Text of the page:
Another small thing that we got with the iPad is Dictation. Hit the microphone button and talk, and you can input text anywhere using only your voice. This is a sad excuse for not adding in Siri, considering that Apple could have easily done it had they wanted to. Siri or no Siri, the new iPad is definitely a step up from the last, but we’re still waiting for the giant evolution (3Gs to 4 evolution).

 

The Future of the Windows Logo

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In the past, Microsoft has been known for it’s flashy red, green, blue, yellow logo with curvy edges. That’s how it’s always been, from Windows NT to Windows 7.

A few days ago, Windows released on their blog what the logo for Windows 8 would look like:

8037

Really? A few blue squares and Windows 8 in a typical boring sans-serif font.

Also, the little block of boring squares is trademarked.

If this is the direction Windows is headed, then I think I’m in business. Here, I present to you, what I believe the Windows 9 logo will look like:

Window9

Thanks to metro apps, Microsoft is moving away from multiple-window desktops. That’s why it’s not Windows plural – just Window. This will be followed by Window 10 featuring the removal of the text and the copying of apple’s Mac OS X:

Window10

Then, with Window 11, black will be out of style. That’s why they’ll switch to white.

Windows11

And after that, I can’t tell. Transparent?

That’s where I think the Window(s) logo is going. Thoughts?

Google Chrome for Android Beta Released

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Android has always had a great browser built into it, but that browser was never Chrome.

Well, that’s about to change.

Kind of.

Today, Google has released a beta version of Chrome onto the Android Market… for Android 4.0 ICS phones. Luckily, thanks to my Galaxy Nexus, I get to try it out and give you this review.

First off after opening this app you’ll notice a pretty little googlicious introduction to the app.

Firstopen

Quite simple, quite clean, quite google.

I’m going to warn you in advance – many of the features in the Chrome for Android application are identical to those that are available on the desktop version of the browser.

Tabbing

In my opinion, the tabbing interface has been improved from the tabbing of other mobile browsers. Instead of just a list of tiles, Chrome gives you a very pretty sorting-through-a-card-deck like interface.

Tabbing

Don’t want a tab? Just slide it off to either side and it will make a spin-like motion into nothingness. These little effects add some very nice feel to the app.

Slideoff

Sync

The other coolest feature of the Chrome for Android application would be its ability to sync with Google Chrome for Mac and Windows. If you’ve signed in to Chrome on your desktop (Wrench thing > Sign in to chrome…), then all of your bookmarks, history, and tabs are already synced up.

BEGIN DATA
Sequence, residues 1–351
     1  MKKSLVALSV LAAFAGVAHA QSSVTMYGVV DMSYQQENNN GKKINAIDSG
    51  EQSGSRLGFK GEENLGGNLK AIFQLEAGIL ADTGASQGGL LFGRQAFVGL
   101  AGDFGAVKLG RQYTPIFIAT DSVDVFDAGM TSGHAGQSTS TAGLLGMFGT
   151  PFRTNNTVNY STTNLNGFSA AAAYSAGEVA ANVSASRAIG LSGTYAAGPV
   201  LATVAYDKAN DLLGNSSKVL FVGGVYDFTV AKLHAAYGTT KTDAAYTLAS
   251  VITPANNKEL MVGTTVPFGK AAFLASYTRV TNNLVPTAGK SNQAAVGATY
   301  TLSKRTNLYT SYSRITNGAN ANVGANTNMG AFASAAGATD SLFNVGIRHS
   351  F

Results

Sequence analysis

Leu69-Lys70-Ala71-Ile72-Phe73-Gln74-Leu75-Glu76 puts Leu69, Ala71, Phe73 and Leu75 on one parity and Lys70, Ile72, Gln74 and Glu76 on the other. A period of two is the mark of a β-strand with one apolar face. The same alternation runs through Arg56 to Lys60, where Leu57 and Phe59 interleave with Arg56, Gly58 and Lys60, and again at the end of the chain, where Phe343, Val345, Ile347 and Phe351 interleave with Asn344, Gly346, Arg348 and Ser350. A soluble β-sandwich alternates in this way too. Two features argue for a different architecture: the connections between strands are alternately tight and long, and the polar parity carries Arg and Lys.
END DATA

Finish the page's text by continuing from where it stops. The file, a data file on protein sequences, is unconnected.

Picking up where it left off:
This means that you can easily retrieve them on the new tab page in Chrome for Android. This grants access to one, extremely awesome thing: live tabs.

Basically, if you have a set of tabs open on your computer and need to go somewhere, you can just leave your computer and all of your tabs will show up on Chrome for Android.

Gettabs

Pretty awesome, right? I must say, it’s not perfect – It takes a while for the tabs to get synced, and there isn’t an easy button to tell your computer and/or phone to sync. Remember though, this app is only in beta.

It’s the same deal with bookmarks – they will all get synced across your phone and computer(s).

Feel/Speed

If you use Chrome for Desktop on a daily basis, you already know the feel of the app. Google’s minimalistic style and code makes the app very light and quick to the touch. Pinch to zoom works fine, things render great, and the only thing missing is (of course) flash. But hey, who needs that anyways? We have HTML5!

In fact, lets compare. First, here is the html5test.com result for the built-in browser.

Html5def

Not bad, actually – Firefox Mobile’s score is down the drain.

Now, lets test out chrome:

Html5ch

Sweet!

As I said, who needs flash anyways?!

Conclusion

Chrome Beta for Android is definitely a nice browser – if you have a device running Android 4.0 in the US, UK, Canada, France, Germany, Spain, Australia, Japan, Korea, Mexico, Argentina, or Brazil, it’s definitely something you should try out.

Otherwise, I don’t know when Chrome for Android will be released to the masses.

Enjoy!

Link to Chrome Beta in the Android Market

AppCleaner: A Thorough Uninstallation

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One of the conveniences of Mac is that applications come in packaged files ending in .app. For this reason, they are usually said to be easy to uninstall – just delete the .app file from your applications folder and it’s gone.

True, this will get rid of most of the files, but often there’s still some application metadata gunk left laying around in hidden folders.